55. 55. DOUBLE MACERATION 55  The drug is macerated twice with the menstruum which is divided into two equal volume. Where  V1 is volume of menstruum required for first maceration Vt is total volume of menstruum Vr is volume of menstruum to be retained by drug or marc  Volume required for 2nd maceration is the difference between Vt and V1  Vr is determined by performing trial to get volume retained by known weight of drug
  56. 56. DOUBLE MACERATION 56  The whole of the drug is macerated for 48 hours with the quantity of menstruum required for first maceration.  Strain the liquid and press the marc.  Macerate again for 24 hours with the remaining menstruum required for second maceration  Strain the liquid and press the marc.  Mix the liquids obtained from two macerations and allow it to stand for 14 days and filter.  E.g. concentrated compound infusion of Chirata, concentrated compound infusion of Gentian
  57. 57. TRIPLE MACERATION 57  In this process, the drug is macerated thrice by using menstruum which is divided into 3 parts in such a manner that same volume is used for each maceration.  Volume of menstruum required by the first maceration= total vol. of menstruum – vol. to be retained by the drug + Vol. to be retained by drug 3  Volume of menstruum required by the second maceration= Total volume of menstruum - vol. of menstruum used in first maceration 2
  58. 58. TRIPLE MACERATION 58  The whole of the drug is macerated for 1 hr with a part of menstruum required for first maceration and strained.  Macerate again for 1 hr with a part of menstruum required for 2nd maceration and strained.  Macerate again for 1 hr with a part of menstruum required for 3rd maceration and strained.  Press marc lightly then combine the liquid obtained from 2nd and 3rd maceration and evaporate it to a specific extent
  59. 59. TRIPLE MACERATION 59  Mix it with the liquid obtained from 1st maceration  Add alcohol 90% equal to 1/4th of the volume of the finished product  Adjust volume with water.  Allow to stand for 14 days and filter  E.g. concentrated infusion of Quassia, liquid  extract of Senna
  60. 60. PERCOLATION 60 1. Simple percolation or percolation process for tinctures. 2. Percolation processes for concentrated preparations such as: i. Reserve percolation process ii. Modified percolation process 3. Continuous hot percolation or Soxhelation PERCOLATION – APPARATUS • Conical percolator • Cylindrical percolator • Steam jacketed percolator
  61. 61. PERCOLATION 61 Fig: Simple percolator
  62. 62. SIMPLE PERCOLATION 62  There are three stages in the official method for preparation of tinctures by percolation process  Imbibition:  powdered drug is moistened with a sufficient quantity of menstruum and allowed to stand for 4 hours in a closed vessel.  It is done inorder to allow swelling of the tissues before packing into the percolator.  Dry powder if packed into percolator may cause blockage of the percolator.  It allows entrapped air to escape, dry powder drug would have air entrapped within them, this may resist the flow of menstrumm and will disturb the packing of the powdered drug.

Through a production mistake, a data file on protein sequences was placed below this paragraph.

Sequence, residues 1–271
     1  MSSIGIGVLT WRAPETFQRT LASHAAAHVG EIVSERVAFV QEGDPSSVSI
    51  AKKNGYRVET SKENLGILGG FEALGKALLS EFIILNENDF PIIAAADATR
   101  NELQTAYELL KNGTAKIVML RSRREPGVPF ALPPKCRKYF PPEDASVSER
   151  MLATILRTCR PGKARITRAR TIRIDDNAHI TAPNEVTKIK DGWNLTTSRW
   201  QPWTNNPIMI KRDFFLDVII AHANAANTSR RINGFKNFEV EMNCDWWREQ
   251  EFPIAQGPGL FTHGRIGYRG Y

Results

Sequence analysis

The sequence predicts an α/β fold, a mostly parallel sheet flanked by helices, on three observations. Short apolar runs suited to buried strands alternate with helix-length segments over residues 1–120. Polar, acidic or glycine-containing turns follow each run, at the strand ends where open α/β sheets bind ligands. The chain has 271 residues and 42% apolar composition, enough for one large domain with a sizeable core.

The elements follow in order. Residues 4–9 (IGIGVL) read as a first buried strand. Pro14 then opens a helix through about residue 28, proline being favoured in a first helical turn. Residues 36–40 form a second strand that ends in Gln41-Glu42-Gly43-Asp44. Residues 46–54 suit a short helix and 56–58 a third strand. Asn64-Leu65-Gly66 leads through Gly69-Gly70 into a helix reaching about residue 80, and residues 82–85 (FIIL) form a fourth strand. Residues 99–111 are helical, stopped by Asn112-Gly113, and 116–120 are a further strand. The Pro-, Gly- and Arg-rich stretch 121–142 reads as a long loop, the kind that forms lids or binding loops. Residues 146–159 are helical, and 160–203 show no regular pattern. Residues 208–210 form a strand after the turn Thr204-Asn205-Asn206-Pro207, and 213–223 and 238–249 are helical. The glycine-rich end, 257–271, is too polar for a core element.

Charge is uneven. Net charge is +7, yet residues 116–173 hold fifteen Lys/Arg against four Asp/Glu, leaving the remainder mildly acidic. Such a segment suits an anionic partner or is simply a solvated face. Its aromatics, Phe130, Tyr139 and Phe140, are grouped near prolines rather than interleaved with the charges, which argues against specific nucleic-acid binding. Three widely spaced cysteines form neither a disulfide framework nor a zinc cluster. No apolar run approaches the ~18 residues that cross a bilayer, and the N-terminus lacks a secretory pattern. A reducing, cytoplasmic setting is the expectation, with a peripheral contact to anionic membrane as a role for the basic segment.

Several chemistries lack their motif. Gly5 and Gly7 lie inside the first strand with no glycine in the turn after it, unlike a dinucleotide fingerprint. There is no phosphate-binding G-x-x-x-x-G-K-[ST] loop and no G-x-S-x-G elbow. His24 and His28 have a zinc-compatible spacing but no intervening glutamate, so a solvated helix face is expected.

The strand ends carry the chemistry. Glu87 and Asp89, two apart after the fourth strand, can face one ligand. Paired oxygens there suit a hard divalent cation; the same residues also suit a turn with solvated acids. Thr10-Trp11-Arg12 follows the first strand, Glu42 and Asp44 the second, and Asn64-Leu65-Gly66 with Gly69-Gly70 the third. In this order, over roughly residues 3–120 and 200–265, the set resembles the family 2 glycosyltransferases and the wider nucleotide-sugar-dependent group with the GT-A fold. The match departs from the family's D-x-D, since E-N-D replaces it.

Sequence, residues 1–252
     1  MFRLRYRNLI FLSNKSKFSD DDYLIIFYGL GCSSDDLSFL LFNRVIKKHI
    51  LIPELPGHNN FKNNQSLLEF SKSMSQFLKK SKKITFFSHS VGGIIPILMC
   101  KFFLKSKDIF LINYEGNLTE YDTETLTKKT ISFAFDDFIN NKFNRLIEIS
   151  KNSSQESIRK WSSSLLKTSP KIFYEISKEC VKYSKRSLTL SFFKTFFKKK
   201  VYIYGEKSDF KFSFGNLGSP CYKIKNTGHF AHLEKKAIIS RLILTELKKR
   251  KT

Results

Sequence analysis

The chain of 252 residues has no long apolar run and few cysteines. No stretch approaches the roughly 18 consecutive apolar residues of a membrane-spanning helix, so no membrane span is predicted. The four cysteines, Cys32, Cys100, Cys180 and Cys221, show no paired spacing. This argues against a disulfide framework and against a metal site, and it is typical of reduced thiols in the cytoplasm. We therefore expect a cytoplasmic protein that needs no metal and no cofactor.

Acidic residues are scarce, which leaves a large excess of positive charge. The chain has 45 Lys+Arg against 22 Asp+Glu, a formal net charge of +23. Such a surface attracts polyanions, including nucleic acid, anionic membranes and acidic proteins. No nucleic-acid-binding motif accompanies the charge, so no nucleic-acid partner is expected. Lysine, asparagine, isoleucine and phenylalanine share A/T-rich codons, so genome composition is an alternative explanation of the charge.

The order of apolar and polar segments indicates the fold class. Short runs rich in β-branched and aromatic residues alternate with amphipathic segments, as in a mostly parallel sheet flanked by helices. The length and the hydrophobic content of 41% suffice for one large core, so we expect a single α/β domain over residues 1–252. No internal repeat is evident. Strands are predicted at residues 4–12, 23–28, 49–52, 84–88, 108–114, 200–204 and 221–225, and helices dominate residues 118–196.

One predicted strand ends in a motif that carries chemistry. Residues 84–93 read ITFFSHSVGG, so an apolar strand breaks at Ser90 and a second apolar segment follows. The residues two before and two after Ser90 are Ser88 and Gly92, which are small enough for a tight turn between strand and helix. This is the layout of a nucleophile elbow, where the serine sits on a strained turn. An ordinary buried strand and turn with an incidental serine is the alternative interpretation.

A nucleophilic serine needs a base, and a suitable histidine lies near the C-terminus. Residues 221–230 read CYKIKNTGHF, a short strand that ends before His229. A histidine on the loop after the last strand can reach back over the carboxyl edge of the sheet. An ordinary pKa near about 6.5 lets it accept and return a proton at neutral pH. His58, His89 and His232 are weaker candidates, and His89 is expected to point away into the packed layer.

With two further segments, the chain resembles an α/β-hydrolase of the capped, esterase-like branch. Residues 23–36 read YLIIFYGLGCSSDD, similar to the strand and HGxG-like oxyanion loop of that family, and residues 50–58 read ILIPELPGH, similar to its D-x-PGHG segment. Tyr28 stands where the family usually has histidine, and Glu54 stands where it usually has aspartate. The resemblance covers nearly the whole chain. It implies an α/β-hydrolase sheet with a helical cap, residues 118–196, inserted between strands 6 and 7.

63. 63. SIMPLE PERCOLATION 63  Prior to packing of the imbibed drug into percolator uniformity of particle size is ensured by passing the moistened mass through a sieve of coarse aperture.  Glass wool moistened with solvent is kept at the bottom to avoid blockage of outlet or tap. Cotton wool may not be used as after getting soaked it would also create a impermeable mass.  The imbibed drug is packed in the percolator upto 2/3rd or 3/4th of the volume of percolator.  Filter paper is placed above this layer and above this a layer of sand is placed inorder to prevent disturbance of top layer when the menstrumm is added into the percolator.  Sufficient quantity of menstruum needs to be added to saturate the material.  When the liquid starts coming out of the percolator outlet is closed and add menstrumm forming a layer of solvent above the imbibed mass.
  64. 64. SIMPLE PERCOLATION 64  Maceration:  The moistened drug is left in contact with menstruum for 24 hrs.  During this period, menstruum dissolves the active constituent of the drug and becomes almost saturated with it.  Percolation  It consists of the downward displacement of the saturated solution formed in maceration and extraction of the remaining active constituents present in the drug by the slow passage of the menstruum through the column of the drug.
  65. 65. SIMPLE PERCOLATION 65  After collecting 3/4th of the required volume of the finished product or when the drug is completely exhausted, the marc is pressed.  Mix the expressed liquid with percolate.  Add sufficient quantity of menstruum to produce the required volume and then filter. E.g. tincture of belladona, compound tincture of cardamom, strong tincture of ginger.